Although I may have been wrong about the crisis, I have not changed my mind about the quality standards. My personal preference is for a dual-sealed silicone unit first, with a primary moisture seal of polyisobutelene (butyl) and a secondary structural seal of polysulfide. The third choice of single-seal butyl is not a bad one for most residential applications.
I also have not changed my opinion about the need for the maximum amount of desiccant use possible. Warm edge and superspacer-type products have brought with them the solid tape type desiccants as opposed to the traditional silica granules that had been pouring into the spacer for decades. These desiccants, by their nature, wrap around the unit as if the unit was filled with silica gel on all four sides. Since four sides filled have twice the moisture-absorption capacity in a square frame as two sides filled, the desiccant tape on four sides insures the maximum possible absorbency.
This theory is void if these desiccant tapes do not perform as well as the silica gel. I have not done the research and only hope that the new technology is as good or better than the old, because only then is it a real step forward. These new spacer technologies, along with better educated customers, have reduced the publics demand for the low profile spacers slightly. Low profile spacers reduces both sealant and desiccant quantity.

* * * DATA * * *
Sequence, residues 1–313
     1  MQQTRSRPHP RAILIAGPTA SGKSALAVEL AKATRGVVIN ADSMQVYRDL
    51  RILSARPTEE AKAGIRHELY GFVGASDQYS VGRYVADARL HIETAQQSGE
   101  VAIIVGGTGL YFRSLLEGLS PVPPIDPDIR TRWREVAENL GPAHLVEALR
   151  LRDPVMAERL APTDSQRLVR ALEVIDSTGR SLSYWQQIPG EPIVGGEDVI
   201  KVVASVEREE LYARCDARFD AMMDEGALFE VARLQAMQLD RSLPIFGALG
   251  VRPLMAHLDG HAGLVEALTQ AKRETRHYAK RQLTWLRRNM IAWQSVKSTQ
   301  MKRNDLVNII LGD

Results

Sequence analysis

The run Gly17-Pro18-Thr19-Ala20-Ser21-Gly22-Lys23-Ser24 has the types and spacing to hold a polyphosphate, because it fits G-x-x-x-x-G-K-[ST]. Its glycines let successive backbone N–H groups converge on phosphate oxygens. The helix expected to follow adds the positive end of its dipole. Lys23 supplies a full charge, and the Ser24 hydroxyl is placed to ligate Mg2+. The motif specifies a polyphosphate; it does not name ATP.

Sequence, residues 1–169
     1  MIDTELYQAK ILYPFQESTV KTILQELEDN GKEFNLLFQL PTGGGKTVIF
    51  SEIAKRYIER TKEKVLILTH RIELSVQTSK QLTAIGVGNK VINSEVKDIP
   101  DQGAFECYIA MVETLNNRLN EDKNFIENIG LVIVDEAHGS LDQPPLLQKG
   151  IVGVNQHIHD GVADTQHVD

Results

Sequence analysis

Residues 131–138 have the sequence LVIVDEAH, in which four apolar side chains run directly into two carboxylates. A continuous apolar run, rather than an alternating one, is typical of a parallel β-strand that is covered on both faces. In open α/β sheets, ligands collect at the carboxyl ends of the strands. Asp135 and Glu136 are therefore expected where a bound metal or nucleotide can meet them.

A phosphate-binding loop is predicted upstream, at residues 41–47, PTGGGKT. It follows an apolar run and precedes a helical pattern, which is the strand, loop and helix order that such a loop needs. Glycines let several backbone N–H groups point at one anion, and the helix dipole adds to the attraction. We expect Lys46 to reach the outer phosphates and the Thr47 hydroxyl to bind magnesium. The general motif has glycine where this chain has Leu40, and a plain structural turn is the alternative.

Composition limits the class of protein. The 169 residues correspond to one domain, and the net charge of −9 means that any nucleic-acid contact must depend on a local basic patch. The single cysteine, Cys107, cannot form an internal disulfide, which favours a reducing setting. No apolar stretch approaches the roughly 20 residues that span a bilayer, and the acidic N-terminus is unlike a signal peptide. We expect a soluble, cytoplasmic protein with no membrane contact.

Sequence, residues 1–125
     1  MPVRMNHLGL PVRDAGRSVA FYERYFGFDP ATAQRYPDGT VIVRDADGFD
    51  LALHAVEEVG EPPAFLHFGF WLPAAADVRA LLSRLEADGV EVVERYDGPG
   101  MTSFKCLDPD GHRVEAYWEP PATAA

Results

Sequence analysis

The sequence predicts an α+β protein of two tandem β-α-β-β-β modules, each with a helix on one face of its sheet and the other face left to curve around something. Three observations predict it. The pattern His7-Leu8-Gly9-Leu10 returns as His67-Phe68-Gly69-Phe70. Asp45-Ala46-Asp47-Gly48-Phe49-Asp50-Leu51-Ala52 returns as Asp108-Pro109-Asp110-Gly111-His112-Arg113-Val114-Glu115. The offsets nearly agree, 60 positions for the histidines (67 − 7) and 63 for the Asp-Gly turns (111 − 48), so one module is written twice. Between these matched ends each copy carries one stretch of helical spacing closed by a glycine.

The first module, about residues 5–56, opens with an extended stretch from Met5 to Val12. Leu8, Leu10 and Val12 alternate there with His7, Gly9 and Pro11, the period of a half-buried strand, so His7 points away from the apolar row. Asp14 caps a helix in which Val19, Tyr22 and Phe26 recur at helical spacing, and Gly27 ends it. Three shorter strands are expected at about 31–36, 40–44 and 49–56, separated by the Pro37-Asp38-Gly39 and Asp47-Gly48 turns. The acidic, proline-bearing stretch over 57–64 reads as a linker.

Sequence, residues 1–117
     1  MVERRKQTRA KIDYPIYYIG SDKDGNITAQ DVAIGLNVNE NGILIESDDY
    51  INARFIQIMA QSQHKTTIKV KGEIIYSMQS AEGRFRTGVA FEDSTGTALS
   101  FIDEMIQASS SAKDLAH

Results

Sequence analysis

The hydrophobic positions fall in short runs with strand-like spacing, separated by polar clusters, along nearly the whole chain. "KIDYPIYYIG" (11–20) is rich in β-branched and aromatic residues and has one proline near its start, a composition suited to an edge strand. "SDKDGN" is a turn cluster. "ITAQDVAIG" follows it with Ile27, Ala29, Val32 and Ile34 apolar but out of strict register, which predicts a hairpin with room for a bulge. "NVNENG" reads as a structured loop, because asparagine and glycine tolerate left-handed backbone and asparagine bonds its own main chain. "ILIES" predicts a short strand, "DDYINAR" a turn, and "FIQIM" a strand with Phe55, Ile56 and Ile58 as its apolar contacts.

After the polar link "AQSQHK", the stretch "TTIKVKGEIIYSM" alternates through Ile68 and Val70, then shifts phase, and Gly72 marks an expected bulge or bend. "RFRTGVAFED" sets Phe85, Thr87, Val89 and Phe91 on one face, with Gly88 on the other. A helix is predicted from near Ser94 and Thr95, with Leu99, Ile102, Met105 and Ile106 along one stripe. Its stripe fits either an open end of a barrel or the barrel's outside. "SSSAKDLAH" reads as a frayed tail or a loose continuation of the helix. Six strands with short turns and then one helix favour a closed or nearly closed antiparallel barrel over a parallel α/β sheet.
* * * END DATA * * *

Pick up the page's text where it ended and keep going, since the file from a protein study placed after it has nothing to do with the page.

The economics of the marketplace have reduced our problems by stabilizing the source of supply. The business of providing the insulating market with new, retrofit and replacement units is so competitive that irresponsible fabricators (who may have been hand-shooting silicone units in their garages) seem to have disappeared. Even small established insulating glass fabricators are working on tight margins in highly competitive markets, where you are only as good as your last unit and your lead time. Everyone seems to be working hard in order to be able to stay in the IG business for the long haul.
While the best unit may give you 20 years or more, even the least expensive one can give you ten years or more, under the right circumstances. And while the less expensive units are providing better performance and longer life, consumers are beginning to understand price, quality, warranty and durability differences.